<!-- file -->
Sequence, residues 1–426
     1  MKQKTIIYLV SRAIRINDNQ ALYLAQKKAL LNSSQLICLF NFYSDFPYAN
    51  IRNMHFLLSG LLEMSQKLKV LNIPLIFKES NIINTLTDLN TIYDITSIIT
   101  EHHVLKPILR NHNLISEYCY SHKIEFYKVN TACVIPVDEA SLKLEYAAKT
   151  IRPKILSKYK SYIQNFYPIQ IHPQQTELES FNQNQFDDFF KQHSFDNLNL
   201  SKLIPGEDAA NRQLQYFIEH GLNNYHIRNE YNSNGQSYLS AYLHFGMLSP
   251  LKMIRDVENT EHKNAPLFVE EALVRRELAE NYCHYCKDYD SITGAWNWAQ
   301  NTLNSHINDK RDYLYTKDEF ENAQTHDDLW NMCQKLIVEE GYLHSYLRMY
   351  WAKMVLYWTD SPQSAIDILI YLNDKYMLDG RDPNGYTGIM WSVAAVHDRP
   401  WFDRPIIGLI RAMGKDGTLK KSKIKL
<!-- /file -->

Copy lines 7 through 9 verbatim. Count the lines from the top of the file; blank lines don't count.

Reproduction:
   251  LKMIRDVENT EHKNAPLFVE EALVRRELAE NYCHYCKDYD SITGAWNWAQ
   301  NTLNSHINDK RDYLYTKDEF ENAQTHDDLW NMCQKLIVEE GYLHSYLRMY
   351  WAKMVLYWTD SPQSAIDILI YLNDKYMLDG RDPNGYTGIM WSVAAVHDRP